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Defense to influence tech industry to develop systems useful to military

Retired Vice Adm. Arthur Cebrowski, head of the Defense Department's office for modernizing the military, said on Thursday that he will seek to influence commercial technology development at the earliest stages to encourage more appropriate military technologies.

"We need to broaden the technology base and marketplace and influence it so we're better positioned to take advantage of what's there," Cebrowski said. The military also should promote entrepreneurial activity, he said, adding that the way to accomplish those goals is by working with venture-capital firms.

He made the comments at the "Commercial Information Technology for Defense Transformation" conference sponsored by National Defense University, the Information Technology Association of America and the Computer Coalition for Responsible Exports. Cebrowski is the director of force transformation at Defense, with the mandate of transforming military capabilities "from the industrial age to the information age," he said.

The idea to influence technology development further upstream came from research that his office conducted recently. Most of the transformation proposals received from industry were from large, traditional defense contractors, but a "not insignificant" portion came from very small firms, he said. Often, small firms' technologies eventually will be bought by the larger firms and then shared with the military, but Cebrowski said it might be possible to influence technology development before it reaches that buyout stage.

He said the venture-capital community has been "very responsive" to the suggestion that they act as "tech finders" for the military, but now the next step rests with the Pentagon. "We'll see what happens," he said.

Cebrowski said the United States spends "most of the world's money with regards to defense," and, in doing so, should adapt to change. To address change and the new types of decentralized and unpredictable threats, the military is moving into "network-centric" warfare, he said.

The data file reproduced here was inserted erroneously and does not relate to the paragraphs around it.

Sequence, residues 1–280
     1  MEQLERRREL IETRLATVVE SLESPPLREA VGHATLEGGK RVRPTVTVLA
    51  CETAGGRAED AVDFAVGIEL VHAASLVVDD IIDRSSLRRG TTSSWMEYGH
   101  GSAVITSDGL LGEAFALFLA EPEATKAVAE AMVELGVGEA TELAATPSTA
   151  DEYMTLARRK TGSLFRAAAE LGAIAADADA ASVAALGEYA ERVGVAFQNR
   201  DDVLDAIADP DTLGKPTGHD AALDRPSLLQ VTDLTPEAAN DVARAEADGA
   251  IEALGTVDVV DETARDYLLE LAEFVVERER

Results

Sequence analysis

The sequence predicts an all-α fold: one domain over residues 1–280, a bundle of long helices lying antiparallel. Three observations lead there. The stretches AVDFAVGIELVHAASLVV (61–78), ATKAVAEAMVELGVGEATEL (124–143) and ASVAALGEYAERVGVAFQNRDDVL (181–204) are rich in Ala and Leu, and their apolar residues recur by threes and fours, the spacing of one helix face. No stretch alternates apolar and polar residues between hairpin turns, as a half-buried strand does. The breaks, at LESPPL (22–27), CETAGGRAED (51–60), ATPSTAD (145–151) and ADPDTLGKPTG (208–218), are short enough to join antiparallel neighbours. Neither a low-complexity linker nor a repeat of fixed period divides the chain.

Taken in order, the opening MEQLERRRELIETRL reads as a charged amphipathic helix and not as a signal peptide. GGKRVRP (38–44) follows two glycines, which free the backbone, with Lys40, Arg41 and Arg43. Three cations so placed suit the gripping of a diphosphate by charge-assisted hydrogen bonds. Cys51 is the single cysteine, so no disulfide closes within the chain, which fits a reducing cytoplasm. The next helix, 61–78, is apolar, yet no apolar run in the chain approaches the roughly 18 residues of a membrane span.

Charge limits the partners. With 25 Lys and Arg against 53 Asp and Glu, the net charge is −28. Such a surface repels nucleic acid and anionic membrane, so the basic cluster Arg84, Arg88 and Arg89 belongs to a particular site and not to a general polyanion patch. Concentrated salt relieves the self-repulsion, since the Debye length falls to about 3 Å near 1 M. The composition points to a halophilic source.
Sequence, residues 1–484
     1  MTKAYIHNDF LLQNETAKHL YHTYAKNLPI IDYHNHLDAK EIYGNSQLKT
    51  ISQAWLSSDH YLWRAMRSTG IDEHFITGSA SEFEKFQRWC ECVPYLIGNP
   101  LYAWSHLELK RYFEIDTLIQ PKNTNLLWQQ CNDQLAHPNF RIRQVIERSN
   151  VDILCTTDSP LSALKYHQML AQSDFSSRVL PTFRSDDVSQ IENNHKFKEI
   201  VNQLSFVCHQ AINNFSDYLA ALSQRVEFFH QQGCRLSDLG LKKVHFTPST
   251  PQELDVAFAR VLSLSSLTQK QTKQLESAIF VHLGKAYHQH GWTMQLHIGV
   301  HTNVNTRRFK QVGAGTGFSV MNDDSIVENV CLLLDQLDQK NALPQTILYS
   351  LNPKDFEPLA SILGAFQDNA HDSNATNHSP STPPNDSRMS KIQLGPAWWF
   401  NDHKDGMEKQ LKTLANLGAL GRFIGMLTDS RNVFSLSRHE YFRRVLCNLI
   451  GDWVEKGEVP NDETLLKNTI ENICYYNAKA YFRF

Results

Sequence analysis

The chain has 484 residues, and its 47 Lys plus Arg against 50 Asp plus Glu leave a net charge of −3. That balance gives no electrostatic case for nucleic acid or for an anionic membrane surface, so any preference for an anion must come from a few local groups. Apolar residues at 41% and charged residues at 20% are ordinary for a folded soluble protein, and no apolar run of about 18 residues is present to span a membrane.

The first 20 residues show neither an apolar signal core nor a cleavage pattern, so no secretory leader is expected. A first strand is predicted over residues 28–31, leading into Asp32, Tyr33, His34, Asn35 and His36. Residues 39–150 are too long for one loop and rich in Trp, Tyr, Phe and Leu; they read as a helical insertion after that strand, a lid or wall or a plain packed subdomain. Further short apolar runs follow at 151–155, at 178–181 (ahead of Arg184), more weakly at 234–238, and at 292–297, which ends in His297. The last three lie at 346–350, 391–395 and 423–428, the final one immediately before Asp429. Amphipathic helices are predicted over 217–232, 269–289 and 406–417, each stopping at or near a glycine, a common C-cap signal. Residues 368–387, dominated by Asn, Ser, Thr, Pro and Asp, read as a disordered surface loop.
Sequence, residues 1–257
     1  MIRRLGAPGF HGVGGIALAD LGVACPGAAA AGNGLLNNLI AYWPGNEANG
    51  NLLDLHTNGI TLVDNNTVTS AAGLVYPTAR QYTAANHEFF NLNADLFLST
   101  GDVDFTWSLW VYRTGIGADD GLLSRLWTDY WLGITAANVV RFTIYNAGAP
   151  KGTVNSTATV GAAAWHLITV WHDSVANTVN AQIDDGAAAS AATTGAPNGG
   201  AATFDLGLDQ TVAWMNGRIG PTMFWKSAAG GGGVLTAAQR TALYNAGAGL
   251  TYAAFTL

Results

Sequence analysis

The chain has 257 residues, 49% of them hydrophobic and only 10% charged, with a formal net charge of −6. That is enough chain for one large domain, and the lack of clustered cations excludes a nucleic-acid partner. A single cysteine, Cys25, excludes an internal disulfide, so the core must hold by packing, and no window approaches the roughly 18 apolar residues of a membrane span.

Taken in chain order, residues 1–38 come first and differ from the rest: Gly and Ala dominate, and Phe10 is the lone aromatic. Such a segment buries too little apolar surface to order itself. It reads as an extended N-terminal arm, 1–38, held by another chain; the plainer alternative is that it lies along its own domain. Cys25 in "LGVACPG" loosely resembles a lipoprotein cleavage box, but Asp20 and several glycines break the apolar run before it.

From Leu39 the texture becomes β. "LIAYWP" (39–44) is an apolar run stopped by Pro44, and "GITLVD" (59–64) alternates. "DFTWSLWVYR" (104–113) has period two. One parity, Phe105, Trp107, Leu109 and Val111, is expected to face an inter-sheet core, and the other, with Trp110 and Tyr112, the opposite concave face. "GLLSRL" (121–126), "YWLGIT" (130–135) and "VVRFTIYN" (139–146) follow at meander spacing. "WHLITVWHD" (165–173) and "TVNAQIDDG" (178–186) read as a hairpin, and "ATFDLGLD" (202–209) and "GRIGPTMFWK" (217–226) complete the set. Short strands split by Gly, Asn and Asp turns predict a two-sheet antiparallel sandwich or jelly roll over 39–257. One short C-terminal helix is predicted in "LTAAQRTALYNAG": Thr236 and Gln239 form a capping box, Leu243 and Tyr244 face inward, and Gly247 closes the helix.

Cebrowski said the "cultural bias" in the military is toward hierarchy but added that networking, where different nodes can connect directly without going to the top of the chain, is a better approach now. He also said a technical change that the military must address is the prevalence of ubiquitous, low-cost technologies, which lowers barriers to competition.

The joint forces of the military face "very severe joint problems" in applying information technology, Cebrowski said. A special problem is "last mile" interoperability among their devices, he said. Systems may be able to communicate at higher levels of command, but a soldier on the ground and pilot in the air above sometimes cannot view the same computerized information on a target that the other sees, which leads to delays as higher-level tactical command has to relay communications.

"The network has more power and is more survivable than the old hierarchy," he said.

Margaret Myers, Defense's deputy chief information officer, said in the move to a data-centric approach, the military is trying to build security requirements so each piece of information is tagged for who can see it. "We do know the Achilles Heel [of a network-centric approach] is security," she said.